Screening tools utilize the
observations of parents and physicians. While there are different kinds of tools
that may be used to perform a developmental screening, the best tools are accurate,
quick, flexible, and affordable.
There are a variety of ways that physicians can incorporate a developmental screening
into each well-baby visit. A developmental screening takes just a few minutes
to complete with a simple screening form that can be filled out by parents in
the doctor’s waiting room, at home before a well visit, and with the assistance
of a nurse, physician, or other professional in the examination room.
There are a number of developmental screening tools, but they share a common
purpose: to make sure that a child is on the right developmental path. A complete
list of tools, including those recommended by
First Signs, Inc. can be found
in the Screening Tools section.
A good developmental tool must be:
- accurate, both in terms of sensitivity and specificity;
- quick and easy to use;
- flexible for use at each well-baby visit;
- affordable, both at the initial and re-ordering stages.
Generally, a parent completes a simple checklist, and a physician (or other qualified
health care professional) follows up with additional questions and evaluates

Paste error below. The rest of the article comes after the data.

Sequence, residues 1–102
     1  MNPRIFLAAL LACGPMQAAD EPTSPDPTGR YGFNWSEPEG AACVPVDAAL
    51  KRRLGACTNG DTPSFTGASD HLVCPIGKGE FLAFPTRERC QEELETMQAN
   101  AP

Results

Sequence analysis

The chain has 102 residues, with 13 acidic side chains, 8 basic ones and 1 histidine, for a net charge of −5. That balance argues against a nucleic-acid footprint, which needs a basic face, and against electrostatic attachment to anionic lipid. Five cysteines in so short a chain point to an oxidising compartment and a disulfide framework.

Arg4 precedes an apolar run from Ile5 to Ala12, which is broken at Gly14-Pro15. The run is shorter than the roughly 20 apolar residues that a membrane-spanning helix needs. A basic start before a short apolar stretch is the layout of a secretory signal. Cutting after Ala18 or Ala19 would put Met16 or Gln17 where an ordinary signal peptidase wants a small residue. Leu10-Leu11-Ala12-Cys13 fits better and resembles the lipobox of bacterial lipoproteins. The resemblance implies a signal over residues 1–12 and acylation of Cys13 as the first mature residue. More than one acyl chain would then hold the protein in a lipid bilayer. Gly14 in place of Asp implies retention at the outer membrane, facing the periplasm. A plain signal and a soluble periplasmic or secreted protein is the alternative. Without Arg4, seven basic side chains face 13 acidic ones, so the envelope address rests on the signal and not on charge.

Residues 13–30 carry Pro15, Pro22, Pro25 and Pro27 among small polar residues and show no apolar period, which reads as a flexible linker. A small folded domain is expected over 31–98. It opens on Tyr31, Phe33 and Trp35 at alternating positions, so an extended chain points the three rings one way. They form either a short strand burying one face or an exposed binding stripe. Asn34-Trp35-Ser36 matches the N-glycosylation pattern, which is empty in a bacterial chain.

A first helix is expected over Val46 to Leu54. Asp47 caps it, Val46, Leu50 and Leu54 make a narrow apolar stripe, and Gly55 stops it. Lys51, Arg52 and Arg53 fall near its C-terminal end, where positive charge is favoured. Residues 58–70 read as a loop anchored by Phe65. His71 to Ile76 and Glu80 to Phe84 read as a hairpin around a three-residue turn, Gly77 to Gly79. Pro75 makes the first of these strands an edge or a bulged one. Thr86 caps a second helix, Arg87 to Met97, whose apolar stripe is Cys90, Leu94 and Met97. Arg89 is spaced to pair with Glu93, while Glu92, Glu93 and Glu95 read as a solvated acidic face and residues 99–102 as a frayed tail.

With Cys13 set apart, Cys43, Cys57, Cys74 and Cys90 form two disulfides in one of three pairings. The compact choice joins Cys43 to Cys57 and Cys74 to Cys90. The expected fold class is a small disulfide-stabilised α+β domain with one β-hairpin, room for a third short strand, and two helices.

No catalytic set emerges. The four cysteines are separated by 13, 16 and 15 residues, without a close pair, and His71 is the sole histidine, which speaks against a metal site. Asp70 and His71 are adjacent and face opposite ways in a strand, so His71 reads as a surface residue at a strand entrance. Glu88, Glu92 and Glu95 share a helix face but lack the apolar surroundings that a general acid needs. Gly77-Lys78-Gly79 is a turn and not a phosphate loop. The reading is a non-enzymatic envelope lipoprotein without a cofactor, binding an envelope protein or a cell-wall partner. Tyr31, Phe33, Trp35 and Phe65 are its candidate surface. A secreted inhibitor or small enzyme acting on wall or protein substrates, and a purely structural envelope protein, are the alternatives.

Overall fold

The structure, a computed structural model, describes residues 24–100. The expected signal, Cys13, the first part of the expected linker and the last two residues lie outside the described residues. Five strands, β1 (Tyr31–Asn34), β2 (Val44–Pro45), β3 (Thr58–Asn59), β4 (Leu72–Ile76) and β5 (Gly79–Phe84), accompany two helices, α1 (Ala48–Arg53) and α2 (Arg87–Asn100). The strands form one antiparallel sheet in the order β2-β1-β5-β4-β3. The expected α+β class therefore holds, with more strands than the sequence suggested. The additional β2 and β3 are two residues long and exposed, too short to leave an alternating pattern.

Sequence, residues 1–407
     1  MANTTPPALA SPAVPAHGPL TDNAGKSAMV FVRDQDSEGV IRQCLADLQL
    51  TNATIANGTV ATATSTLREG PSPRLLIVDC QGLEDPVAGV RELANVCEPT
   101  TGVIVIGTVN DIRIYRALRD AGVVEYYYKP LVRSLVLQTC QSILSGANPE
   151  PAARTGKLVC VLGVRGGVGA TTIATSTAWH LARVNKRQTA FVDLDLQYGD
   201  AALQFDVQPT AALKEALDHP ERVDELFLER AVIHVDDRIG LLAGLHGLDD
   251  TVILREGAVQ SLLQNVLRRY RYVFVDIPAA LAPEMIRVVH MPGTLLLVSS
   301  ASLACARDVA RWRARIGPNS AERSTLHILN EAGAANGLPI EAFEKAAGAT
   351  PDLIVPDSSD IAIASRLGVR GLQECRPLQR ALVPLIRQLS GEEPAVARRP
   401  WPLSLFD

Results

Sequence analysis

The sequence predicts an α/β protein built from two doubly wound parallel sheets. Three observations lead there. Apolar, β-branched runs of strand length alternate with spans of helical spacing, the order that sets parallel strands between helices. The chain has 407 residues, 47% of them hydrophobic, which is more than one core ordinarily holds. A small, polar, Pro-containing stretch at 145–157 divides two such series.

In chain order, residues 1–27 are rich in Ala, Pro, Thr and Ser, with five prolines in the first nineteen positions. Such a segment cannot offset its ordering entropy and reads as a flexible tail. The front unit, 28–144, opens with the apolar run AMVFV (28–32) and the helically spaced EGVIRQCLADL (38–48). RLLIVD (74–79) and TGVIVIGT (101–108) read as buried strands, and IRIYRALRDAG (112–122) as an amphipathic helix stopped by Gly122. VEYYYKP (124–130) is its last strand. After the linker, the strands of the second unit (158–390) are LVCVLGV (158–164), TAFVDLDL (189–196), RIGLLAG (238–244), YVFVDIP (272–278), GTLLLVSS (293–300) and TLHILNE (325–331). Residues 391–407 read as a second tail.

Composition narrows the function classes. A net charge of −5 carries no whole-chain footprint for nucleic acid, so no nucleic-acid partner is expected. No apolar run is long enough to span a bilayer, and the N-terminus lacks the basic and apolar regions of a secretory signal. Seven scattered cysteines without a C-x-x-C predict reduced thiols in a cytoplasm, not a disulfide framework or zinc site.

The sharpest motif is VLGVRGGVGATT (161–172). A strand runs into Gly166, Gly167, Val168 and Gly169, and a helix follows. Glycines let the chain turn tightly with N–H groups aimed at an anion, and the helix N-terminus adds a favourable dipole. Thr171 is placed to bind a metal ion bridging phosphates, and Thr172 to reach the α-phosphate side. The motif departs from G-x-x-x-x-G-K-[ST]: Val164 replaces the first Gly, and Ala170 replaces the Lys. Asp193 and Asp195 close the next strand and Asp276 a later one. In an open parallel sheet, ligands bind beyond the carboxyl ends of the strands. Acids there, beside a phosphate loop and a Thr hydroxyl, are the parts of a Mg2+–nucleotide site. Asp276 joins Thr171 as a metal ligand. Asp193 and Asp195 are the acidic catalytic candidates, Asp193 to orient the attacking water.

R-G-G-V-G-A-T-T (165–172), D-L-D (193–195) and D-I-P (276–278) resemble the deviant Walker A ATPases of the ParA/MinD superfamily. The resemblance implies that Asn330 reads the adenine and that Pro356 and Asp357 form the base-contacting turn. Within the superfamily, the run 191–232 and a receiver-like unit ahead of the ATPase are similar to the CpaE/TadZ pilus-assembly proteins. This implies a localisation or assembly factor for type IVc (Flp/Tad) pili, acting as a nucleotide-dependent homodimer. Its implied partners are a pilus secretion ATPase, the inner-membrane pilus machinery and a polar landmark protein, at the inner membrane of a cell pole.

the results. A developmental screening is not intended to diagnose a child, but
rather, to use parent observations and developmental milestones as a means to
identify concrete concerns about a child’s development.
if you have concerns about your child and your physician has not
conducted a routine developmental screening, please visit our
developmental milestone checklist,
take the time to see if your child
has met his/her
key milestones and discuss these milestones with your child's physician
at the next well visit. Although
the checklist is not a screening tool, its results might help open a dialogue
about your concerns with your physician and prompt the next step in the screening
process. If a child isn’t screened, parents and pediatricians won’t be able to
track a child’s development.
Physicians, please refer to the
No one wants to label a child, or to diagnose a child with a disability. Screening
provides an opportunity to describe a child’s challenges, not to define a child.
“In developmental screening, information from parents
is critical. They can fill out questionnaires and other screening tools in
the waiting room. While the pediatrician
is busy, the family can be put to work. With screening tools, pediatricians
can detect 70% or 80% of children with problems.” (Frances Page Glascoe,
Ph.D., Professor of Pediatrics)
For more information, please see examples of
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